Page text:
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UCSF Scientists Examine Procedure to Relieve Cirrhosis Complications
 

Researchers from the University of California at San Francisco (UCSF) reported the outcome of a retrospective study to determine the safety and efficacy of a procedure that is designed to relieve portal hypertension among patients with hemophilia. 

Portal hypertension is high blood pressure in the portal venous system, the portal vein and its branches that serve the liver. If not treated, it can result in liver cirrhosis. Increased pressure in the portal system causes decreased blood flow, which diverts blood into surrounding blood vessels, resulting in enlarged veins, known as varices. Varices can develop on the esophagus and stomach, eventually causing them to weaken, triggering internal bleeding.

Portal hypertension can lead to a number of complications as the liver’s functions deteriorate, including dangerous gastrointestinal bleeding, vomiting of blood and painful fluid buildup in the abdomen. A procedure known as transjugular intrahepatic portosystemic shunt (TIPS) is usually needed to relieve the pressure.

TIPS involves inserting a catheter through the jugular vein and threading it through the superior and inferior vena cava to the hepatic vein. Using a needle and then a “guide wire,” a passage is established between the hepatic and portal veins. The insertion of a pair of tubes (or stents), followed by balloon dilation widens the passage, allowing the blood to flow more freely, relieving pressure.     

The UCSF team studied four individuals with hemophilia A and cirrhosis who had undergone the TIPS procedure without complications. Through replacement therapy, their factor VIII levels were raised to approximately 50% before, during and for two days following the procedure to prevent bleeding. The investigators found that measured outcomes for the hemophilia patients were comparable to data from TIPS recipients without the disorder.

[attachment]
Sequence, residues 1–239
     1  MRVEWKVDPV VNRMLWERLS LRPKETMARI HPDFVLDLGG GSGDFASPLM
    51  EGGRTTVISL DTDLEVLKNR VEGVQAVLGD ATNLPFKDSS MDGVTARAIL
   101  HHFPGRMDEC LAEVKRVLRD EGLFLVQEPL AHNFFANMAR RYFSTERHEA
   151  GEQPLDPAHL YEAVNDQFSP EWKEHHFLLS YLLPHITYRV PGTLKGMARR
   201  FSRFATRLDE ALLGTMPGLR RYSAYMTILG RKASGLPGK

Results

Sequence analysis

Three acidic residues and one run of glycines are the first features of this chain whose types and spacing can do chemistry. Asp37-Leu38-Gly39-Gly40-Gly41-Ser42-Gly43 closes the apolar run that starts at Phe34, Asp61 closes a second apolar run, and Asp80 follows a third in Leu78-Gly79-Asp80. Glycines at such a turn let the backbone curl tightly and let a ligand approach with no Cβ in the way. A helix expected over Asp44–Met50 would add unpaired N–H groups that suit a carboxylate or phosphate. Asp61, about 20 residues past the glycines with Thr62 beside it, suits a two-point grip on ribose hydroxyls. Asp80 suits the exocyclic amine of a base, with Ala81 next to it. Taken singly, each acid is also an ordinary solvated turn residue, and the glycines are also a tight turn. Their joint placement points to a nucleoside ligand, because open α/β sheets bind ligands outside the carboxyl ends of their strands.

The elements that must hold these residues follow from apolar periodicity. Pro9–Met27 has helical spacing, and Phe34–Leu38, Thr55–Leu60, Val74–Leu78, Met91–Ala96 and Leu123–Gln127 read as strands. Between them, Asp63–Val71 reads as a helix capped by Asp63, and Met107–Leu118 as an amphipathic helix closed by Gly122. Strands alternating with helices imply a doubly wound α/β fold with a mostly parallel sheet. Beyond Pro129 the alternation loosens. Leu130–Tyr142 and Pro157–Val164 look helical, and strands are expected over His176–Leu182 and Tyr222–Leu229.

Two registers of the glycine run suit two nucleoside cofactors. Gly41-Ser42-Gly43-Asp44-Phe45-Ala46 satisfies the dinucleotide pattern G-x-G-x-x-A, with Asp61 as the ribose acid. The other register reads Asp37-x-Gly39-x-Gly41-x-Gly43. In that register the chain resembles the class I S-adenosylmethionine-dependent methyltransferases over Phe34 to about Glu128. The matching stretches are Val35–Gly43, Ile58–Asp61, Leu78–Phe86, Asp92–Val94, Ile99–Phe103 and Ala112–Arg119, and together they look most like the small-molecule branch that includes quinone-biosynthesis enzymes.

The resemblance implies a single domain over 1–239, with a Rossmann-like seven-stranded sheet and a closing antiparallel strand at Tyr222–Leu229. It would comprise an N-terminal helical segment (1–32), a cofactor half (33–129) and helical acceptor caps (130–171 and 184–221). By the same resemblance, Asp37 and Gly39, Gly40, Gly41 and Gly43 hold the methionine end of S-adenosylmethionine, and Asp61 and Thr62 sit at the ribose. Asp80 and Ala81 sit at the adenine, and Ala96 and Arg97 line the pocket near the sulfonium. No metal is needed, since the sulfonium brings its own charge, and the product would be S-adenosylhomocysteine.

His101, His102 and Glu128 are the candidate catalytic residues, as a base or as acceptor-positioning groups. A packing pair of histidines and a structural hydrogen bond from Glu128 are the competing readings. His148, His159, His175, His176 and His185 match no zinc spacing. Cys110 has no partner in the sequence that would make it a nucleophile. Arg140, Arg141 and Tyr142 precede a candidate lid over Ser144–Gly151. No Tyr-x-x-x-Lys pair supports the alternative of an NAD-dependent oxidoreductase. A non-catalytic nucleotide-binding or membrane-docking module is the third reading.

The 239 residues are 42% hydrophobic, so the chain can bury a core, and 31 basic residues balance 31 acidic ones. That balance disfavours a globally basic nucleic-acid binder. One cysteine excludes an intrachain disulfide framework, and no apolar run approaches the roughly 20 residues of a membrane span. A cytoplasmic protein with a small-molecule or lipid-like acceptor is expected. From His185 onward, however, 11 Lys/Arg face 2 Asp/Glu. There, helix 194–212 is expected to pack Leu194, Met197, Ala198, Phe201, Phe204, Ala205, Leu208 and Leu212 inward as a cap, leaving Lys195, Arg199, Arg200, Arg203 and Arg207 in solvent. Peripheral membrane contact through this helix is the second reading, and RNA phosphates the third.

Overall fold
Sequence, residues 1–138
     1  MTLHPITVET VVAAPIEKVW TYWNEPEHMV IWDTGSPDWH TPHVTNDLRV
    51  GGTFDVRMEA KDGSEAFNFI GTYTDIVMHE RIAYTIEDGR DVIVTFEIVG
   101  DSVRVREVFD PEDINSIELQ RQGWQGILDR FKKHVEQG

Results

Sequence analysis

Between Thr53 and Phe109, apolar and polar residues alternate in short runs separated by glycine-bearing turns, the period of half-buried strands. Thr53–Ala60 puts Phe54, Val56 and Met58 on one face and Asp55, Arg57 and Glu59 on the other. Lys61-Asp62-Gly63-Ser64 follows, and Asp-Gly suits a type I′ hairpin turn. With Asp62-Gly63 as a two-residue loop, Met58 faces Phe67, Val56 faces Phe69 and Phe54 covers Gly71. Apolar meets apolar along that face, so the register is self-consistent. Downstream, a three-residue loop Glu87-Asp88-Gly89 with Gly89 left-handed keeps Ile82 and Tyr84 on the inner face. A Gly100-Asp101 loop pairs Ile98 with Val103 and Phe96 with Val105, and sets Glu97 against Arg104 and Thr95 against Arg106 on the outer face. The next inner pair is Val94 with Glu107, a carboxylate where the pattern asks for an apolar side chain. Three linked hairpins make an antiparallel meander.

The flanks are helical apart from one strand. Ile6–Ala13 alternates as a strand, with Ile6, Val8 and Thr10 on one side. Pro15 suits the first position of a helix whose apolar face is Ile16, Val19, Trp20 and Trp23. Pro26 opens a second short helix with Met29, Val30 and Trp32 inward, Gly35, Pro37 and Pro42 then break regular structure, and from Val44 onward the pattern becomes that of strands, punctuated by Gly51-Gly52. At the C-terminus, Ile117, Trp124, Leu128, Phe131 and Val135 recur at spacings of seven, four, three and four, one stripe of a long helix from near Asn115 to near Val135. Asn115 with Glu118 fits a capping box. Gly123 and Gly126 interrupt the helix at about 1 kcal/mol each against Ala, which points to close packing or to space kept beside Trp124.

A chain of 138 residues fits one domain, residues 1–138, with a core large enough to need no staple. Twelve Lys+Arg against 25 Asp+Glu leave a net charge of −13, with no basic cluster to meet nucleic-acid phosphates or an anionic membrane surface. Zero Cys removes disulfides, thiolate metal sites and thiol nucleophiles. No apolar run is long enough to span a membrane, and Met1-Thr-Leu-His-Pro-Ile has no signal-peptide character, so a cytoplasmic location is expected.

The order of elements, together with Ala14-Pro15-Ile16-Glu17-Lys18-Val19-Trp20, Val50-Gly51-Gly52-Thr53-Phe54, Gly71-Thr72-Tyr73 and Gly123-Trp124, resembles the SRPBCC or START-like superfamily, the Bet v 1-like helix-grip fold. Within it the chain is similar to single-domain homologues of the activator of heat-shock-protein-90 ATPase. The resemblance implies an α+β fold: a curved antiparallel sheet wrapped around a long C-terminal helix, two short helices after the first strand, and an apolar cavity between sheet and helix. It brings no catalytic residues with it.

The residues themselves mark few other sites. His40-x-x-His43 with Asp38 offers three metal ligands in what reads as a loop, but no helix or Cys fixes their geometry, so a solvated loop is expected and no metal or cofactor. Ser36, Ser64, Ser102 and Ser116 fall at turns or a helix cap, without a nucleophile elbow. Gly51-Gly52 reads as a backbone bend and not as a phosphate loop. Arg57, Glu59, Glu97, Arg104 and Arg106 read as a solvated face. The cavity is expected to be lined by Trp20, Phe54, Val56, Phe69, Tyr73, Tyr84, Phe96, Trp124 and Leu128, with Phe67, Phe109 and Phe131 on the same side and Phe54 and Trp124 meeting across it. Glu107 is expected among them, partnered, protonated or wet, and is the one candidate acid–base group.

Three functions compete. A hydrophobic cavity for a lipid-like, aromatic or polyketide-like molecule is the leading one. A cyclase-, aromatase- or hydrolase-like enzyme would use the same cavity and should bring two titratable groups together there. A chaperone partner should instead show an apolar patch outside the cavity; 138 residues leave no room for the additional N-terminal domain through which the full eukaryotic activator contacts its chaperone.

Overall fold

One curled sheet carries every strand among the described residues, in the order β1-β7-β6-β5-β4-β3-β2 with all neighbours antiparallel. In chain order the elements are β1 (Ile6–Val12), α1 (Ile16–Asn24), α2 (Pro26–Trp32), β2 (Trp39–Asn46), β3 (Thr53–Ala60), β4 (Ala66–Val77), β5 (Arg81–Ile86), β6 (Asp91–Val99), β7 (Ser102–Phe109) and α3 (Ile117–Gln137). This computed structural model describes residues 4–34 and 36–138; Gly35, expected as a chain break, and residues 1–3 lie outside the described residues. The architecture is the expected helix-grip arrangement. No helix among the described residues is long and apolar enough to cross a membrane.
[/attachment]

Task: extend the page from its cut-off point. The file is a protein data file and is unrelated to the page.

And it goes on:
Although the study size was small, and further multi-center studies may be necessary, the investigators highlighted the importance of the findings, considering the significant number of hemophilia patients susceptible to cirrhosis, particularly those with hepatitis and HIV. Approximately two-thirds of hemophilia patients are co-infected with the two viruses.

“Complications of cirrhosis are now the leading cause of morbidity and mortality in this population,” said Joshua P. Beirne, MD, UCSF Department of Medicine, and his co-authors.  “It is therefore possible that an increasing number of hemophiliacs will be referred for placement of transjugular intrahepatic portosystemic shunts in the future,”

The authors also suggested that if interventional radiologists, the physicians who typically place TIPS, have proof that the procedure is safe for hemophilia patients they might be more likely to perform it. The authors further recommend that an experienced hematologist always be consulted when TIPS is considered for a patient with a bleeding disorder.   

“In summary, the results of this study suggest that TIPS can be successfully and safely placed in patients with hemophilia and cirrhosis in the setting of adequate factor replacement,” said Beirne and his co-authors.
    
The report, “Safety and Efficacy of TIPS in Patients with Hemophilia and Cirrhosis,” was published in the February 2007 issue of the Journal of Vascular and Interventional Radiology.

Source: Medicine & Law Weekly, April 20, 2007

 

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